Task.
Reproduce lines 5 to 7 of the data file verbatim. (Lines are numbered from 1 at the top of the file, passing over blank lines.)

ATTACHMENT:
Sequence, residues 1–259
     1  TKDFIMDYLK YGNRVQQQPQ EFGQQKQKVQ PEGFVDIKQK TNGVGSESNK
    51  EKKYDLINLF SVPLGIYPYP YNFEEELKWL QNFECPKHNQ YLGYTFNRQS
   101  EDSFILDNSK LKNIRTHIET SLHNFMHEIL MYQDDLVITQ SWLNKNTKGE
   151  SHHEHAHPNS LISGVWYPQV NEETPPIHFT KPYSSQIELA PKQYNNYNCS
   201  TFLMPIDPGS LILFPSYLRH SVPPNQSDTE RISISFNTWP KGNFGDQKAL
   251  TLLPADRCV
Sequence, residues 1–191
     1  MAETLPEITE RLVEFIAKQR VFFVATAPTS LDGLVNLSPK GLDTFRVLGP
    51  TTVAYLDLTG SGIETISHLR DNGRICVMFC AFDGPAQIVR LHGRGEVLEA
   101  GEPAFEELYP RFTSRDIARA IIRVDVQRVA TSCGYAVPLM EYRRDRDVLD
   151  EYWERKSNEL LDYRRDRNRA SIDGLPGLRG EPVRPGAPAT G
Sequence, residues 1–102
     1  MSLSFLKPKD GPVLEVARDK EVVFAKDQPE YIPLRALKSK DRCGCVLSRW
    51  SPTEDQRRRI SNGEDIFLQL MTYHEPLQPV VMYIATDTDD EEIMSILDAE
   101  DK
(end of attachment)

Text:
   151  SHHEHAHPNS LISGVWYPQV NEETPPIHFT KPYSSQIELA PKQYNNYNCS
   201  TFLMPIDPGS LILFPSYLRH SVPPNQSDTE RISISFNTWP KGNFGDQKAL
   251  TLLPADRCV